Michael O’Leary started his career at Ernst & Young straight out of college and spent several years as a managing partner in upstate New York before taking a global leadership position in the firm’s Chicago office. Now, he has taken over for the retiring John Wilgers as managing partner of the 660-person Minneapolis office. In that role, he will be responsible for developing and engaging talent, creating high-performing teams, driving market leadership and amplifying branding and engagement efforts in the Twin Cities. He said he’s in a “positive situation that [Wilgers] is really making a great effort to help transition and help get familiar with the community.” He spoke to the Star Tribune about the office’s growth, its focus and its interaction with the community.
Q: What is it about the Twin Cities community that appealed to you?
A: I think you can pretty quickly feel like you are part of the community but at the same time you have this amazing vibrant, diverse base of businesses across sectors. Obviously, it has incredibly well-established global public companies, but then a pretty healthy start-up and venture capital and private equity environment as well. For a city of this footprint to have such a strong economy, I think, is really rare and unique, so that made it very attractive.
Q: How big is the Minneapolis office and what the growth plans for here?
A: This office right now is about 660 employees. We will be hiring about another 185 off campus during this recruiting cycle — that includes interns as well and most of the interns end up becoming full-time employees. If you look at that relative to other offices, it puts us in the top tier in terms of size in the U.S. Most importantly, our board has identified the Twin Cities as one of our priority growth areas.
Q: How quickly will you add employees here?
A: What I would expect is in the next few years we would grow by several hundred. In terms of the exact number a year from now, it will be hard to predict. We will have some attrition. That being said, what we are finding is that our turnover rates here in Minneapolis are some of the lowest in the firm. So we’ve had 90 percent plus stability, which for our business is actually really, really strong.
Q: Are you adding any new service areas?
A: We are, so as a firm if you think about our different service lines we have four primary areas: Assurance, which is the traditional audit space, which is really a foundational practice for the firm and I think when people think of the brand oftentimes that is what comes to mind initially. Tax is another traditional service area, that has been a particular bright spot historically in the Twin Cities. Transaction advisory services, which is a suite of offerings around transactions, M&A. And finally, advisory. If you look at advisory, we are continuing to look at a lot of innovation in that service line particularly.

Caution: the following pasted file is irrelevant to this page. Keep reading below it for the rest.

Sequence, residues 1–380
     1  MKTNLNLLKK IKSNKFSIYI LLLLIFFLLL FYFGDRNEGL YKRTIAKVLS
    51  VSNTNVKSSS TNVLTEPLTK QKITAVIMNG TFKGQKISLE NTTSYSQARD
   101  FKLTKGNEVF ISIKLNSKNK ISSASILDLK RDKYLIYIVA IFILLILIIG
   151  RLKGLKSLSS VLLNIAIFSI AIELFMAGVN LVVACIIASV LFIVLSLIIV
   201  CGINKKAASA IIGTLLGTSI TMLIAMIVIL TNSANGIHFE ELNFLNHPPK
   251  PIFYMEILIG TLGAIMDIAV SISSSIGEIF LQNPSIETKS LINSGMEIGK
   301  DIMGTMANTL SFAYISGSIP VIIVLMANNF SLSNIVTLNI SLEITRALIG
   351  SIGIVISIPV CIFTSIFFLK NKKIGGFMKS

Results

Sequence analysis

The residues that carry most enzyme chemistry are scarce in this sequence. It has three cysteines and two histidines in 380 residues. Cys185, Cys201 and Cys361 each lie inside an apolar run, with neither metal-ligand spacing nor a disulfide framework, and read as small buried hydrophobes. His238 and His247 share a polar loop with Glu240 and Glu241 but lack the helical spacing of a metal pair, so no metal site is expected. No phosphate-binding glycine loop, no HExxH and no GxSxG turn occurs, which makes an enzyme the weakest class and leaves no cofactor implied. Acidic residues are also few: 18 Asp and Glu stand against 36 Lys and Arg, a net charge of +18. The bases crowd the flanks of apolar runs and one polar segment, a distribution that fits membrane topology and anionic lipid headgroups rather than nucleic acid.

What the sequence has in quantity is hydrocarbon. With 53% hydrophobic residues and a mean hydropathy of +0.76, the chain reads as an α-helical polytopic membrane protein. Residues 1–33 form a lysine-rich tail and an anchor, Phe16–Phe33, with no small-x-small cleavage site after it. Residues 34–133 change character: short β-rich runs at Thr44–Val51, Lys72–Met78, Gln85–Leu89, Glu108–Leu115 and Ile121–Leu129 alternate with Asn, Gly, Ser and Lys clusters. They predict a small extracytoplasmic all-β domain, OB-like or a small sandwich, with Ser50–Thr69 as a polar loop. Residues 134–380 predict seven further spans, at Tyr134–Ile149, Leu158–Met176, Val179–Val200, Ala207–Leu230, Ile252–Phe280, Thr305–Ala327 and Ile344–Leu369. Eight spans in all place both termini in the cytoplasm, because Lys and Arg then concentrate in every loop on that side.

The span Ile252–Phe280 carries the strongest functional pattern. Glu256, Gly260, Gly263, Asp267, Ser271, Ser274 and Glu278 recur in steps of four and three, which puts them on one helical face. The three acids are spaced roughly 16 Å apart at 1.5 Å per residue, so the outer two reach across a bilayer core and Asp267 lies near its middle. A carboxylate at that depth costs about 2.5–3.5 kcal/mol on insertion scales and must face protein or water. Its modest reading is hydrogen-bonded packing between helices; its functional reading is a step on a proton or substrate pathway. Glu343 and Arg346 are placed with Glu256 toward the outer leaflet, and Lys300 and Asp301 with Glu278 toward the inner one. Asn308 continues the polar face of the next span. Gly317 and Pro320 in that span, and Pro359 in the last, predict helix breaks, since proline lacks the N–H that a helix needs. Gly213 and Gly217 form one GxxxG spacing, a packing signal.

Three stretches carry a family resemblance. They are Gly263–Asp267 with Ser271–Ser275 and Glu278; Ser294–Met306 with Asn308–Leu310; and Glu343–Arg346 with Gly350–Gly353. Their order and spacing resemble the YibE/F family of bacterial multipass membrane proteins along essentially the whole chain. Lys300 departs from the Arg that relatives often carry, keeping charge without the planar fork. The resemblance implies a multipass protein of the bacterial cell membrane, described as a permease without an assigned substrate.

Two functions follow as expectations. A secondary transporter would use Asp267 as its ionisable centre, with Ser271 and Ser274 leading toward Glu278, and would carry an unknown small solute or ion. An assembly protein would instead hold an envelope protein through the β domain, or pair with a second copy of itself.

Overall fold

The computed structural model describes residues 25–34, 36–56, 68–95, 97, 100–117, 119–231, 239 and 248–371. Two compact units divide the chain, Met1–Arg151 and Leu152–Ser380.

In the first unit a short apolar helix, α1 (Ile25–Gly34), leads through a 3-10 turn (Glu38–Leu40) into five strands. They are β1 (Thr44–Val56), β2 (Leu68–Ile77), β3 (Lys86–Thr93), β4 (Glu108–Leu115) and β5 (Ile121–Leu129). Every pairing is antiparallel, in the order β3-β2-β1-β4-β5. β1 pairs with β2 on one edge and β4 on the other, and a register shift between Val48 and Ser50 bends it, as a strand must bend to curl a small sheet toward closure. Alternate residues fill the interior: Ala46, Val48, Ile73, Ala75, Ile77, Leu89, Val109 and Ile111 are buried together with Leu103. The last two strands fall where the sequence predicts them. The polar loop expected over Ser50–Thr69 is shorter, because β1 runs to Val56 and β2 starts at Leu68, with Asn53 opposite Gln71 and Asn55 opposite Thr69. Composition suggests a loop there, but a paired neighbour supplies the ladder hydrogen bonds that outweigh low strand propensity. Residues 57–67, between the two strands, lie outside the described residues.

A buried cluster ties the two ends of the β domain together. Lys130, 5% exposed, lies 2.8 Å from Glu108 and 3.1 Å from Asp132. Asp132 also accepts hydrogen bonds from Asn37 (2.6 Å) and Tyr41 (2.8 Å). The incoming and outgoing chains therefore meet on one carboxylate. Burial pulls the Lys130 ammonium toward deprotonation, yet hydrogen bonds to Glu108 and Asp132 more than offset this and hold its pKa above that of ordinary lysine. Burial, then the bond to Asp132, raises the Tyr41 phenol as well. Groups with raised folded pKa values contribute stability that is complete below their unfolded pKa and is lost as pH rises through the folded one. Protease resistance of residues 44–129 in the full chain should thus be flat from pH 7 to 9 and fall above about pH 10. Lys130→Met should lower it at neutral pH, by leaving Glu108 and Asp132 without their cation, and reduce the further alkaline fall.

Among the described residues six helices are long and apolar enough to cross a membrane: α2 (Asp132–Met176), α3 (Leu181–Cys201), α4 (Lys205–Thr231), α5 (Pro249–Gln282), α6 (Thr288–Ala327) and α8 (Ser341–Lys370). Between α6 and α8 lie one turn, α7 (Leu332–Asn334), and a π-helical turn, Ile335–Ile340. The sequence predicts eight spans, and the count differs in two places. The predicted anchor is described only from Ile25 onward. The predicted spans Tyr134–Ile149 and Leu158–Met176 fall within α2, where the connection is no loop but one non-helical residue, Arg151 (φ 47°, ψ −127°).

Q: Which new areas are you investing in for the Minneapolis office?
A: For this office I would view pretty much all of these as being in process, where the investment has already started — and then depending on the area, they will be at different stages. Big data and analytics; cybersecurity; digital transformation (and clearly digital transformation means different things to different sectors); supply chain and operations management; and I think the other two that I would probably focus on would be just the overall investment in having deeper strategic level sector expertise. So we are making conscious decisions to base hiring not only on your functional background or your technical abilities but do you have a deep and rich understanding of a particular sector where you can be relevant in the boardroom at their very highest levels of business strategy; and then finally I think just the transaction space. Historically, we’ve been known for our abilities in areas like diligence, or tax planning relative to a transaction, but now getting much more involved in things like post-merger integration or the strategy around carve-outs.
Q: What is your forecast for local M&A activity in 2016?
A: We expect the deal flow to continue to be pretty healthy in 2016. I think from a volume perspective it will be meaningful, obviously depending upon the sector and the company there are some headwinds out there that everyone is aware of. The whole notion of having a lot of discipline with transactions I think will get a heightened focus in 2016.
Q: Are you planning any new community engagement efforts?
A: We have a new program we are really excited about. Its called our college MAP program. We’ve done this in some of our other offices, and now we are adopting it here. MAP is Mentoring for Access and Persistence. We will have a large number of our professionals, many of them millennials, partnering with Roosevelt High School in Minneapolis. We will have a group of students starting in their sophomore year in high school where we will have significant weekly interaction.
Q: Ernst & Young’s Entrepreneur of the Year program celebrates its 30th anniversary this year. What are your plans for the program?
A: The Entrepreneur of the Year program has become an important part of our EY brand globally. Here in the Upper Midwest, it’s especially meaningful and exciting to host our 30th anniversary event where the program originated for the entire firm. We will have about 500 attendees — including finalists in various sectors as well as past winners — join us at the gala on June 9 in Minneapolis. It’s going to be a special night with a few surprises as well!
(Ernst & Young is currently looking for nominees for this year’s EY honor. Founders or leaders of multi-generation family businesses or transformational public and private company CEOs are eligible. Self-nominations are encouraged; there is no fee. Nominations are due March 11, with the Upper Midwest award banquet set for June 9.)